Superintendent Tom Horne discusses his time in office
Superintendent of Public Instruction Tom Horne (R) discusses his first 100 days in office including the ESA voucher program, Critical Race Theory (CRT) and other topics.
Since the last time Horne was in this office, “the situation is much more dire in terms of students learning less and lower test scores, and that’s the total focus of the department now,” Horne said.
The biggest reason Horne stepped down from the attorney general office to go back to superintendent is because he believes the biggest problem now is in the schools, which is what he wants to work on.
“We’ve got all 600 people focused on one goal and that is that the students learn more. And anybody who was doing anything that doesn’t ultimately lead to that goal changes what they’re doing,” Horne said.
How Does English Immersion Help Students Learn?
Horne has recently called for a lower criteria to pass the English proficiency test, which follows a voter passed initiative that calls for English immersion in classrooms.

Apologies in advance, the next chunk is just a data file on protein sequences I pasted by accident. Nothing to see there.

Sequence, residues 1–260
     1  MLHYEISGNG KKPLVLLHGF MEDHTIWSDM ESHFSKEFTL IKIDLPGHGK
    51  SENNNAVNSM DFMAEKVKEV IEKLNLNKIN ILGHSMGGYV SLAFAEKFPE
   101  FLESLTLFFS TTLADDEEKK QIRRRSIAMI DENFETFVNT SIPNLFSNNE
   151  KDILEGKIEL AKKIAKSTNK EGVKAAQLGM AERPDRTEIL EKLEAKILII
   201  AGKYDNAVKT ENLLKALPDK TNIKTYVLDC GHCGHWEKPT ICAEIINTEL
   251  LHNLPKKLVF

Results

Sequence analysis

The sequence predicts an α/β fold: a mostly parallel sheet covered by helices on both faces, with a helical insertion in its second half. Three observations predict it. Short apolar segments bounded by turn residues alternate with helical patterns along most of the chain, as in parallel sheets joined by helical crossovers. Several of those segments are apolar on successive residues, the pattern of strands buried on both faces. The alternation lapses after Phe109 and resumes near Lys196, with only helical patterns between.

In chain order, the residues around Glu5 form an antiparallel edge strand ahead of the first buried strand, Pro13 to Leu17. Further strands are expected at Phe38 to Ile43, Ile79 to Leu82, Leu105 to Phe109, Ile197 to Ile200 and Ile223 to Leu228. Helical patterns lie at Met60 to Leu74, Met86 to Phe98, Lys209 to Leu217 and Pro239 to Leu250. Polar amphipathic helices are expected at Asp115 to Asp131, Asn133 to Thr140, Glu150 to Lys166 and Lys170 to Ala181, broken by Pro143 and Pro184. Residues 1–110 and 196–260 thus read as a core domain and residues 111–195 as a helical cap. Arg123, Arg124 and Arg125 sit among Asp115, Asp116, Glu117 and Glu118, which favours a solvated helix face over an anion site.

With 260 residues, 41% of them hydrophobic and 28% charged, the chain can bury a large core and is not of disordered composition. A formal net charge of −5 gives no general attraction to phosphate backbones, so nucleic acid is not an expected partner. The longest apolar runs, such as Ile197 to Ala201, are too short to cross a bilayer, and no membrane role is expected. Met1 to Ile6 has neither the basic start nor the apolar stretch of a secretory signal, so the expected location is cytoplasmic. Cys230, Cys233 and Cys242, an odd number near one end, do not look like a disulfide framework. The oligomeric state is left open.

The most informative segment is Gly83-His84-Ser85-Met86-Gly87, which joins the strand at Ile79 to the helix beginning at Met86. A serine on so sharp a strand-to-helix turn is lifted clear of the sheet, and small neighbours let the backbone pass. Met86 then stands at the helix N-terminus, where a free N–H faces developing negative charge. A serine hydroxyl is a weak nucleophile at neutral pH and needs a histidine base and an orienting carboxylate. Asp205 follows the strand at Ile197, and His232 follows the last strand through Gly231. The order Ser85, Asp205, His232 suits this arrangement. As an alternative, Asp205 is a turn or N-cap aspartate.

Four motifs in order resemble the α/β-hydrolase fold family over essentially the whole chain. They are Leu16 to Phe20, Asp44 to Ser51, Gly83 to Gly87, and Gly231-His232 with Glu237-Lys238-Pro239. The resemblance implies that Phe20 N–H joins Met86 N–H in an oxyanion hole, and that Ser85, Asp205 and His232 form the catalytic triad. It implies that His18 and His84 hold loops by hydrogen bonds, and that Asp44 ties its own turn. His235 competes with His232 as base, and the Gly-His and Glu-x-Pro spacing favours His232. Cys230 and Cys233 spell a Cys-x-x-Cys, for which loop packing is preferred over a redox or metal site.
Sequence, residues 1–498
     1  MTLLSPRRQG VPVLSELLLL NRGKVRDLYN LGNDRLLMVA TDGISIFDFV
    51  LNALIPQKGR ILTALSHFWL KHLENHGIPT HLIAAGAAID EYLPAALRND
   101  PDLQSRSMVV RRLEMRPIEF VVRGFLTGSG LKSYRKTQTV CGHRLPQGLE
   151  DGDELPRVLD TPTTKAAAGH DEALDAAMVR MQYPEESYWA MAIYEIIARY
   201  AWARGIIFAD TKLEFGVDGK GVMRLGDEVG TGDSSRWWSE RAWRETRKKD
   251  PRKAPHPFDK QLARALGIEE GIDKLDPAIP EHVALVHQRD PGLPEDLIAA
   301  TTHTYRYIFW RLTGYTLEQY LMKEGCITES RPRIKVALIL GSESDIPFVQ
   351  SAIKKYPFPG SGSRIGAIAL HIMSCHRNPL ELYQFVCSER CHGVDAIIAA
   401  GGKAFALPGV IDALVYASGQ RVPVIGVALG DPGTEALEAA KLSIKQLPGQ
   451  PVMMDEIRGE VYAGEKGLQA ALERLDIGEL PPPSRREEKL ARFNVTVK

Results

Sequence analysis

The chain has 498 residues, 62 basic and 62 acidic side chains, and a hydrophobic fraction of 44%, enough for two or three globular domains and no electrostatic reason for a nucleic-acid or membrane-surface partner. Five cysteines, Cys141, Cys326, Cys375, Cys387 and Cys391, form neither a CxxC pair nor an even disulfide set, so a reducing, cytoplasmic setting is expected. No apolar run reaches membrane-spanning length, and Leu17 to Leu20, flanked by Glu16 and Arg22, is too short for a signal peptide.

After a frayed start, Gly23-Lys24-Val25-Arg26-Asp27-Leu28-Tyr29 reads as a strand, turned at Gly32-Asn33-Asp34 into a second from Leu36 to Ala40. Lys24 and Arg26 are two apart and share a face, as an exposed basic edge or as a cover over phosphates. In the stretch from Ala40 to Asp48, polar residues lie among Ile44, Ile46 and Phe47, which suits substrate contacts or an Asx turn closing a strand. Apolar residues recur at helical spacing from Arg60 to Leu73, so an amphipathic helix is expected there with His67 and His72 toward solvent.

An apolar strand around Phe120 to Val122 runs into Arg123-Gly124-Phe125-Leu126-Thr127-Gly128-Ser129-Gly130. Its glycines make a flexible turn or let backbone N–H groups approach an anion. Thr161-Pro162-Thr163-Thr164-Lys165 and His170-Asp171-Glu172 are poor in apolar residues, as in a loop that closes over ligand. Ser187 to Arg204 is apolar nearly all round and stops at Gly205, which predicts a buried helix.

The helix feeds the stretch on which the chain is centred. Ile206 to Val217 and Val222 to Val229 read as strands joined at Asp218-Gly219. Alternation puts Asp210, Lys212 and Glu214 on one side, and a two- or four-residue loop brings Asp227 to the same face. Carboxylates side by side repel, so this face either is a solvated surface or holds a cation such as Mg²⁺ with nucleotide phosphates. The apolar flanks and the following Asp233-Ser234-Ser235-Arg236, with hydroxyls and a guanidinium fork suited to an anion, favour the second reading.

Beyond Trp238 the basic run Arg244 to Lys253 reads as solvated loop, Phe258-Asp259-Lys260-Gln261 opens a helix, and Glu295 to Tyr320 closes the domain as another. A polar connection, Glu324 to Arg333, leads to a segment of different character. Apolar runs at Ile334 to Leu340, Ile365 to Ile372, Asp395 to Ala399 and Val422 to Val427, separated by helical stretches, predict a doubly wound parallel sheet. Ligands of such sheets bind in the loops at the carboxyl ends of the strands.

“The english immersion teaches kids English so that then they can function in the regular classroom, do well academically and do well in life. Under bilingual education, only 4% of kids were becoming proficient. It was a complete failure,” Horne said.
$50 Million Cut for All-Day Kindergarten
Governor Hobbs recently cut $50 million dollars that former Gov. Doug Ducey had set aside for voucher expansion to cover all-day kindergarten for private schools, and Horne disagrees with this decision.
“A lot of students learned to read in kindergarten because they had it all day, which is much harder when you only have a half day,” Horne said.
All-day kindergarten was put on hold in 2008 because of the recession.
“We need it back because it’s the best for student education to have all-day kindergarten. To take away $50 million that has kids in kindergarten all day so they can learn to read is anti-educational,” Horne said.